THE POLAR EXPRESS | Screen | Pittsburgh | Pittsburgh City Paper


With its near-photorealism, and the imaginations of director Robert Zemeckis and crew taking off from Chris Van Allsburg's gorgeous kiddie book, this animated film is a visual treat, from a child's iris reflecting light like polished stone to the sight of timber wolves galloping through snowy nighttime woods. The spare story follows a boy skeptical of Santa Claus who's among a dozen well-groomed children spirited away on Christmas Eve by a magical steam locomotive; guided by a crusty conductor (voice of Tom Hanks), they're off to the North Pole to learn valuable lessons. But attaining feature length demands major narrative padding, and despite the sight of roughly 5,000 red-clad elves massed in a public square, awaiting their Great Leader and celebrating the triumph of a centrally planned export-driven economy, the film belies its own parables about faith: Believing is made to seem so much more pleasant than doubting that you'd be a fool to do otherwise.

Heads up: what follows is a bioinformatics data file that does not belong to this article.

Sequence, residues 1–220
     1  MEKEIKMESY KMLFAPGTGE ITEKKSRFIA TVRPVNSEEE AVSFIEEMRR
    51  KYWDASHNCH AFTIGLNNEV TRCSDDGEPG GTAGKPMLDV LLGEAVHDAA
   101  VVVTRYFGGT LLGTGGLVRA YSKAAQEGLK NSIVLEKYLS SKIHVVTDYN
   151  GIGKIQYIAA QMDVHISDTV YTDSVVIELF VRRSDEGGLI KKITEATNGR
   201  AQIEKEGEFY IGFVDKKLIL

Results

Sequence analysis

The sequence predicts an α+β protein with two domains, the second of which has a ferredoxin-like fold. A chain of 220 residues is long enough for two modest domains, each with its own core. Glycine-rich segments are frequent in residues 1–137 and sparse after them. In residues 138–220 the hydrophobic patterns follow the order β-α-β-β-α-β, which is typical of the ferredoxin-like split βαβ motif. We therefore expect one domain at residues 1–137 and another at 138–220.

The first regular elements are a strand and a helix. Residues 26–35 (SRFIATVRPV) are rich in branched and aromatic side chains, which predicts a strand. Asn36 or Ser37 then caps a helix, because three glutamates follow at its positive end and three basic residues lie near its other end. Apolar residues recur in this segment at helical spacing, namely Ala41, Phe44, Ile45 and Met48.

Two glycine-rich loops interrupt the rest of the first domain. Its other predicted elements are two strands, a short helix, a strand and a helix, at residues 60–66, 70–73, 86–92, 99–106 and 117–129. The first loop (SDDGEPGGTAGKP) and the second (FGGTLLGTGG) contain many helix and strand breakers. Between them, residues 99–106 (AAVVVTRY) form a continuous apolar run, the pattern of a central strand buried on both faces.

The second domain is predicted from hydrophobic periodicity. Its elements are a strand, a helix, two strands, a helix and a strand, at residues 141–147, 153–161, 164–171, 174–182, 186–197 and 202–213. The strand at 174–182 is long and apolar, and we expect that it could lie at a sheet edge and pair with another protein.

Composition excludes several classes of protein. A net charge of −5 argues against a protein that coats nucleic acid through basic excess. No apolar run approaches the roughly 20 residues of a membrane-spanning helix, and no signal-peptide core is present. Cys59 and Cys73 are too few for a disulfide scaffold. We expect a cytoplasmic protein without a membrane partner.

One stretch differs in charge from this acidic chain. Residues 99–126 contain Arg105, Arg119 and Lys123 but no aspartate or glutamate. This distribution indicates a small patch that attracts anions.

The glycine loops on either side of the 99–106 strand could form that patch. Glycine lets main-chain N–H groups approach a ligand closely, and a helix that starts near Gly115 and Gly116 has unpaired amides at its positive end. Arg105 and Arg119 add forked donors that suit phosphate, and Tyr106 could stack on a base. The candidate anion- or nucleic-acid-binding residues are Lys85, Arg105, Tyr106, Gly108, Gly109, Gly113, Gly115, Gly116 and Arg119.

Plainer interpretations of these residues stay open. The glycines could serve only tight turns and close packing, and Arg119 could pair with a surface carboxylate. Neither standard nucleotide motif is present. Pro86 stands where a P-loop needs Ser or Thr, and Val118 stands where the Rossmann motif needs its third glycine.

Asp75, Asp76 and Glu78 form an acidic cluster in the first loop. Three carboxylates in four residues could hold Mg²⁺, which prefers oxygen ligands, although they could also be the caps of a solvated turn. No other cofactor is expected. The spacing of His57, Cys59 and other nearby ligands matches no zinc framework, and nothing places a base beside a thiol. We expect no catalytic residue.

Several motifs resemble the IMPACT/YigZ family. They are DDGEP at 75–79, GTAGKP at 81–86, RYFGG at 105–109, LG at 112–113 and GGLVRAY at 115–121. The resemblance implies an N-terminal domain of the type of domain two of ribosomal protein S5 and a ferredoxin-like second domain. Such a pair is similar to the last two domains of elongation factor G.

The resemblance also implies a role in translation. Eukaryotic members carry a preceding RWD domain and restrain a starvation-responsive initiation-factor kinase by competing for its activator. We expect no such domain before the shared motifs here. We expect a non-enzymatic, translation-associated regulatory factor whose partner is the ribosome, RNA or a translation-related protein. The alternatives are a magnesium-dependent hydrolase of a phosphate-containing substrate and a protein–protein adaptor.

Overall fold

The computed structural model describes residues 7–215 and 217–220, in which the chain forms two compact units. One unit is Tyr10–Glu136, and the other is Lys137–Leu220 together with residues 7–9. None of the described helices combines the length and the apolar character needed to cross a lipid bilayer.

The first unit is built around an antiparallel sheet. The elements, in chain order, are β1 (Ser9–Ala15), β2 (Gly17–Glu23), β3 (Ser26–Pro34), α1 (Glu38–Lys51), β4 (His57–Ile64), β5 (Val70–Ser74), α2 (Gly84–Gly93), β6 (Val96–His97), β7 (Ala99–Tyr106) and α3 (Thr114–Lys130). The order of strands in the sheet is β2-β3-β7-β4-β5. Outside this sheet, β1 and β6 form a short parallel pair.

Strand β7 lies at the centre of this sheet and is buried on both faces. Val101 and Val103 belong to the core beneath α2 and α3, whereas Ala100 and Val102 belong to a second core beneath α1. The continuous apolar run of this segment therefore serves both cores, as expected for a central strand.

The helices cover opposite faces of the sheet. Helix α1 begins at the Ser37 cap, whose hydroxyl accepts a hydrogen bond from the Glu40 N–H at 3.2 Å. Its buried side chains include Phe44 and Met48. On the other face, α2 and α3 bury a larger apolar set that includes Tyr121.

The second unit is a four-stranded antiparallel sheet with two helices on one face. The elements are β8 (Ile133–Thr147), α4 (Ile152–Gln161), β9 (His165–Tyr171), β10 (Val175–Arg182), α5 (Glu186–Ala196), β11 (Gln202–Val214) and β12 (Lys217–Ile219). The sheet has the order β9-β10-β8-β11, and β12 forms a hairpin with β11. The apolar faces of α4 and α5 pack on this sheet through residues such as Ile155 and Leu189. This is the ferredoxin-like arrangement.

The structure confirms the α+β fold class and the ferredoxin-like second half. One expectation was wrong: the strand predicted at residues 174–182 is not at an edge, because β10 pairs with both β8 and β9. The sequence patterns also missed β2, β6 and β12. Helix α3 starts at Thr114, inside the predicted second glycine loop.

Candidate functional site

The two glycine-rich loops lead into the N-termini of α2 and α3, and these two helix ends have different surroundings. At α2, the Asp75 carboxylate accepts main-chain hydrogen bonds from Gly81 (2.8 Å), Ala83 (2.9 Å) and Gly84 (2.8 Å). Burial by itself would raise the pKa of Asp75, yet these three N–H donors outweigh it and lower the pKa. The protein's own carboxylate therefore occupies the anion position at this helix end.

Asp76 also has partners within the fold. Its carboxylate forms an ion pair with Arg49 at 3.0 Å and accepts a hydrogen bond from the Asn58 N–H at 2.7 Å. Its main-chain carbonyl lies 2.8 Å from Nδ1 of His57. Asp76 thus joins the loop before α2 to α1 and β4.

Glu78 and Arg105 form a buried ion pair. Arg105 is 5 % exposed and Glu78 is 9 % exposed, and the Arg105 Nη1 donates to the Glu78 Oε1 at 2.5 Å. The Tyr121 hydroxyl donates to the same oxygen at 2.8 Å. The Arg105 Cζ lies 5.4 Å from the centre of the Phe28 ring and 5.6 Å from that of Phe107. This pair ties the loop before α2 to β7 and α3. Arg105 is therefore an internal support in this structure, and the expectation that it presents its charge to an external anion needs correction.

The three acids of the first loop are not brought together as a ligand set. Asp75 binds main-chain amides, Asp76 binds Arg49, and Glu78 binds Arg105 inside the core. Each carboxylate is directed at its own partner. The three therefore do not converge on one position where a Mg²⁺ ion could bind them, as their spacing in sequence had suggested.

Living Dead Weekend at the Monroeville Mall
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